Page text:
Tom had worn this pair of tennis shoes since we began our journey over 45 months ago. It took them falling apart to this degree to get him to purchase a new pair. It was less about  being frugal and more about his lack of interest in shopping. Thank goodness, he gave these the heave ho at the shoe store. 

I don’t know if we could live long term in such a hot climate only using AC at night. No doubt, the majority of the world’s population that live in hot climates don’t have access to AC and many are without electricity and running water as we’ve seen in our worldwide travels.

Tom’s new tennis shoes, most likely knockoffs. At that point he had no choice but to make a purchase after checking out three stores in Saigon. I negotiated these down to VDN 300,000, US $13.45.  Surprisingly, the quality seemed good, but if they only last a while, no big deal at this price.

None of our vacation home landlords have prohibited us from using the available units located throughout the houses we rent.  That’s why they’re available, for example, in each room of this lovely house in Phuket. 

The shoe stores appeared to have all knock-offs.  Kong advised us to negotiate.

But, due to a sense of responsibility for our energy consumption, we try to use air con as little as possible in the same manner we frugally use other sources of power and utilities as we travel the world. 

On our last day in Saigon, on a bus tour with the cruise passengers, we stopped at the lacquer factory.  Since we have no home there was no point in making a purchase although many passengers did so.  These are popular items travelers often bring or ship home after visiting Southeast Asia.

Yesterday, after we uploaded the post we decided to head to the beach for photos on the sunny day. Also, the idea of being in the AC in the less-than-stellar rental car was somewhat appealing.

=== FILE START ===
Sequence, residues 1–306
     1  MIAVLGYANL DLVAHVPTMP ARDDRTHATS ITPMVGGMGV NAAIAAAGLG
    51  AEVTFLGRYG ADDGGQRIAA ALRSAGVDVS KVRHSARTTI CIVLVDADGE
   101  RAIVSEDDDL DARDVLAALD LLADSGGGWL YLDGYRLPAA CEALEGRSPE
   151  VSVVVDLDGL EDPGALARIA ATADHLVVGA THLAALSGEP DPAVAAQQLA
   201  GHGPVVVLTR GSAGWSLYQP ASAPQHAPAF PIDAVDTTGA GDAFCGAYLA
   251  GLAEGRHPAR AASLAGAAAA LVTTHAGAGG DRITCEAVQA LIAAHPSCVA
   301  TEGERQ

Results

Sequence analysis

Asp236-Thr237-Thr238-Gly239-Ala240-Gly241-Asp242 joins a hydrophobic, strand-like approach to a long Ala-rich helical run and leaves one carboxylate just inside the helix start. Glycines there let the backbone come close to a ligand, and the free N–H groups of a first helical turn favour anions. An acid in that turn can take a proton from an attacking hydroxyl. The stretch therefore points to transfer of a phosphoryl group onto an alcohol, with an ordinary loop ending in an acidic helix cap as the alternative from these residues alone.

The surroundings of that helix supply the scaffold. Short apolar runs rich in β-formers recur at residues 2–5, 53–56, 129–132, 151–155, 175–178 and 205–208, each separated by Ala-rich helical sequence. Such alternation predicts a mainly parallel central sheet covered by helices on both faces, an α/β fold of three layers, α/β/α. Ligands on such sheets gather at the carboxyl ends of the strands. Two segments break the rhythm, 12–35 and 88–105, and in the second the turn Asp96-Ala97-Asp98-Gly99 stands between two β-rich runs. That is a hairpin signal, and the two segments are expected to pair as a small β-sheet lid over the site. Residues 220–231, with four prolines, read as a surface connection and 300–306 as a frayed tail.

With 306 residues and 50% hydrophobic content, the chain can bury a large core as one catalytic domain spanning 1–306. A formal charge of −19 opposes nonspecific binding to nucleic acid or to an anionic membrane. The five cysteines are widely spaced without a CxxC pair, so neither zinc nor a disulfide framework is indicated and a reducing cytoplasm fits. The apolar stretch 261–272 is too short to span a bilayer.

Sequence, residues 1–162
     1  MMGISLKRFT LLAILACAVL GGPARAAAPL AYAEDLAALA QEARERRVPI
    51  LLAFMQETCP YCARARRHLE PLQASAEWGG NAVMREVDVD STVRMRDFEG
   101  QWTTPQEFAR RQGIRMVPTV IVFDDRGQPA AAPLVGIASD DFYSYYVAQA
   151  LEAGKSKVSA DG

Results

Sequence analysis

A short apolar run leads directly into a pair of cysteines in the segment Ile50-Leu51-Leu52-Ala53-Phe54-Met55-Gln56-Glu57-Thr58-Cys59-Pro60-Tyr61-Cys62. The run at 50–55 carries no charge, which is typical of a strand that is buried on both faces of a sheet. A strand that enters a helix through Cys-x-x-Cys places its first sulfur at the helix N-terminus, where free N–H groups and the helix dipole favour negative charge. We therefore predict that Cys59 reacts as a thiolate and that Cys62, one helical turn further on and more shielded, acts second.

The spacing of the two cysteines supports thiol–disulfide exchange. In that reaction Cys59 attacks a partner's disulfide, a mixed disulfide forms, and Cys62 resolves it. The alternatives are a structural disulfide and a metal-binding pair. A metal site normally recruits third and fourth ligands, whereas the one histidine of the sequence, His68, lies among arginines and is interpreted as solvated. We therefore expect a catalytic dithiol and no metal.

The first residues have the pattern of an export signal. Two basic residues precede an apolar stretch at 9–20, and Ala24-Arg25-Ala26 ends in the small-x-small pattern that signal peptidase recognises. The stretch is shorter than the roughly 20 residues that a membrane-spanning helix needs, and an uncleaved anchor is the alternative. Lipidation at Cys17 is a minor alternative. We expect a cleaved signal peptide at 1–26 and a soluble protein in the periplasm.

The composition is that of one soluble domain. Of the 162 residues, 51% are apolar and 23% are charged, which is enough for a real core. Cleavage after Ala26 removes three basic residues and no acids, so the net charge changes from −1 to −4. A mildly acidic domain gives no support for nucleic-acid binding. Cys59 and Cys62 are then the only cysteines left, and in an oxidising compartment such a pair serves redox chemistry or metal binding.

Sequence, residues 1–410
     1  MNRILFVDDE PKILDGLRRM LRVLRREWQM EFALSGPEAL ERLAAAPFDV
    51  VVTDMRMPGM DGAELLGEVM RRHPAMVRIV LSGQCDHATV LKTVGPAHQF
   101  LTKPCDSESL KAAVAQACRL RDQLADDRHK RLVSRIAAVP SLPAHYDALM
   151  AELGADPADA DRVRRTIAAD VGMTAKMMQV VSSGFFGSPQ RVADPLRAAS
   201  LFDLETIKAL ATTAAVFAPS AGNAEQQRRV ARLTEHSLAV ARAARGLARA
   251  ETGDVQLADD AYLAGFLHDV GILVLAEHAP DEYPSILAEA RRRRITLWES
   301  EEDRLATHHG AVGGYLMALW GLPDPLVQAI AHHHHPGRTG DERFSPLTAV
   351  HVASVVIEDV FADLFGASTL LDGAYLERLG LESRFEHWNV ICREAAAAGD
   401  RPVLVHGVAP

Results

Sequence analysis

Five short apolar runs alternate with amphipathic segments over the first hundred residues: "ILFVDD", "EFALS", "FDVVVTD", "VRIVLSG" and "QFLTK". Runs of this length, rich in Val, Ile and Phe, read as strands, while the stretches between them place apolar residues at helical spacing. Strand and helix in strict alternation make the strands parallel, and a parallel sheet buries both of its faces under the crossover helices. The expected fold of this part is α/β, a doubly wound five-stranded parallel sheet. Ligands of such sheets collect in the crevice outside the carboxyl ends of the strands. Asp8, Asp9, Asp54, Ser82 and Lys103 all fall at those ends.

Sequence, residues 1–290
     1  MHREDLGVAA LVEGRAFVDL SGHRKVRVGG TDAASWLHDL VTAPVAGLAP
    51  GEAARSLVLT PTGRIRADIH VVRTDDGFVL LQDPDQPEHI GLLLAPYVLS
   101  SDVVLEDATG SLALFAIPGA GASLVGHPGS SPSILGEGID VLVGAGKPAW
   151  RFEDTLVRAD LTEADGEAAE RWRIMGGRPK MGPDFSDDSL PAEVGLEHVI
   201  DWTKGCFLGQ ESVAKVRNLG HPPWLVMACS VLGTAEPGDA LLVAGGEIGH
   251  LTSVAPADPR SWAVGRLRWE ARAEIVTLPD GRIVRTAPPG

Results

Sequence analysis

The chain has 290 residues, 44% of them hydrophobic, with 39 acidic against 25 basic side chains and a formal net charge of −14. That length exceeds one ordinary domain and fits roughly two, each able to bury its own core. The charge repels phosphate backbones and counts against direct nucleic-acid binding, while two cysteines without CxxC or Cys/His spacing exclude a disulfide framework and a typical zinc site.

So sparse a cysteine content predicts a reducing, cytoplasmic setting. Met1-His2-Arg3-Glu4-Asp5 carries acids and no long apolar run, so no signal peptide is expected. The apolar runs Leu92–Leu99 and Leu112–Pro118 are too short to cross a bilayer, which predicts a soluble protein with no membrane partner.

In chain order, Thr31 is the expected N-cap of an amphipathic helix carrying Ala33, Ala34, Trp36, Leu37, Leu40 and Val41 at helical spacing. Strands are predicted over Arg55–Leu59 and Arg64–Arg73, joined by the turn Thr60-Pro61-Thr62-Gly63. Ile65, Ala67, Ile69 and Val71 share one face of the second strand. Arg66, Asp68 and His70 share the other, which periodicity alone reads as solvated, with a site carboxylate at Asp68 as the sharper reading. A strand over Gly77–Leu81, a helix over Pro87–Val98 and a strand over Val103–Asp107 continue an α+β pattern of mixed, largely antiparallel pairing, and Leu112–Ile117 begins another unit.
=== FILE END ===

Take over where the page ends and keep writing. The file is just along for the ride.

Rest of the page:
Although reasonably priced and nice looking I had no interest in buying jewelry.

By 12:30 pm we were out the door returning a few hours later in time for our 3:00 pm bedroom cool down. We enjoyed the drive more than we’d anticipated. Once we were off the bumpy road and on the highway, the drive was tolerable for me although there was a fair amount of traffic for a Sunday afternoon. 

The craftsmanship appeared to be of high quality if one could use such décor in their homes.

Tom stayed cheerful amid the wild traffic with tuk-tuks, motorbikes and cars running amok and helpful as always after we parked the car and walked at the beach taking photos as he carefully hung onto me. After many weeks of lessened activity, he’s assuming I’m not as steady on my feet as I’d been before the injury.

Interesting use of color and design.

Tourists were everywhere at the beach, shopping, eating and spending money at a variety of shops, venues and tours. More than once we were approached by boat ride “sellers” asking if we wanted to go out on a boat.  I doubt we’ll be able to do so while in Phuket as I continue to exercise great caution in everything I do. Bouncing on a boat would hardly be suitable at this point. 

We wondered if these pretty plates were suitable for serving food or merely decorative. One never knows when purchasing products such as this, if lead based paints are used in production. 

In any case, we thoroughly enjoyed the time out and about. In a few days, we’ll head out again to explore other beaches and points of interest in the area as we’ll continue to share new photos during our remaining month in Thailand.

Pretty colors.

Continuing on, as we wind down to the final stories from the Cambodia and Vietnam cruise/tour, we have a few fun shopping photos to share.

Have an pleasant last day in July or first day in August depending on which side of the International Dateline you reside!

Photo from one year ago today, August 1, 2015:

This was the first time since we’d arrived Queensland that we saw this many sunbathers at a beach in Australia. The sun was very strong resulting in the use of rental umbrellas and many beach-goers staying in the shade. For more photos, please click here.